If I refuse to sign a "separation agreement and release" does this disqualify me from receiving UI?

On Jan 2, 2012 I was terminated but given a "Separation Agreement and Release" document that gave me the choice to work through Jan 31 to help them through this transition. If I chose to work through Jan 31, I would then receive a month's severance pay. I refused this based on the fact that I was told if I signed my status would change from TE to Voluntary Resignation, which was not the case. This termination was a complete shock; I was told "After five mths we feel you are not where you should be". I have never been reprimanded nor written up, etc. I filed for unemployment and was denied for this reason "claimant left work without good cause attributable to the employer". I have appealed this and sent them a copy of the release. I did call in on Jan 3 after being told to "let us know your decision" and told the VP of HR that I would not be able to accept their offer and I did this before I would have been due in to work. I feel this is so wrong to deny me and I just want to know if this has been heard of before and have I screwed myself by not signing and working another 31 days to train when apparently I didn't meet their expectations of a qualified HR employee. I do understand you are only giving information and nothing that I can use unless I see council. Thank you.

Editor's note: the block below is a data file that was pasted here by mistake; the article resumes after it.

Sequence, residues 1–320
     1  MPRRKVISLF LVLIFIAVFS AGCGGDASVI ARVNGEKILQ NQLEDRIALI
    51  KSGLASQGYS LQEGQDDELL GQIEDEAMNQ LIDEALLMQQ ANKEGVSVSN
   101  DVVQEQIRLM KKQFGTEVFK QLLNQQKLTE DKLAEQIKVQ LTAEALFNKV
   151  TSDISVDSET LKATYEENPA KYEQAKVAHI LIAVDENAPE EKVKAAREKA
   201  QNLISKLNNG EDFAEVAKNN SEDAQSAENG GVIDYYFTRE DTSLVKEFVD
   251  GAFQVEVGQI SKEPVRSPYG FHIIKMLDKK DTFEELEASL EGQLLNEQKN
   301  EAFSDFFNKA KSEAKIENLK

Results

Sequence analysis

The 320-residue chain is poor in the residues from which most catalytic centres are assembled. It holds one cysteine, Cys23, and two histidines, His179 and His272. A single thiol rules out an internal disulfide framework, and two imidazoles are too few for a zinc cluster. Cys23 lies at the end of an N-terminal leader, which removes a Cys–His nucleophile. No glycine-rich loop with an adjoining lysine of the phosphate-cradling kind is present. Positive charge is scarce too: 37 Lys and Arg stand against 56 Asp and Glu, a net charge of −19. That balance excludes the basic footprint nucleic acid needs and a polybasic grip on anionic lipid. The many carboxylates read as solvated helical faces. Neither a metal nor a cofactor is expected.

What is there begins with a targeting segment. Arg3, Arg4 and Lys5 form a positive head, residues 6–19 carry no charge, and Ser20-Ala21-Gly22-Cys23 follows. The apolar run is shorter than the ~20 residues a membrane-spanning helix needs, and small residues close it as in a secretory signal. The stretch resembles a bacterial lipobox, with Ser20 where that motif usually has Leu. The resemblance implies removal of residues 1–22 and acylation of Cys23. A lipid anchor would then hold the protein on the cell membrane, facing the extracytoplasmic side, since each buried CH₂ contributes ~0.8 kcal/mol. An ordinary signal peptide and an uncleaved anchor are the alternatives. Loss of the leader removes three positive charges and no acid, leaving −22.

1 answer  |  asked Feb 5, 2012 7:10 PM [EST]  |  applies to North Carolina

Answers (1)

Chris Wilms
Refusing to sign a separation agreement is not the same thing as resigning. Based on the info you provided, it sounds like a clever way to get a month of work out of you in exchange for a release of claims and no payout of unemployment benefits.

If you were fired and it sounds like you were, the appeal was the right thing to do. If you have a hearing scheduled, you may want to read the regulations on hearings. The rules for how the hearing will go are posted on the Division of Employment Security website. If you've never been to this type of hearing, it's a lot like a mini-court trial but with looser rules of evidence.

posted by Chris Wilms  |  Feb 5, 2012 7:23 PM [EST]  [ Best Answer - selected by asker ]

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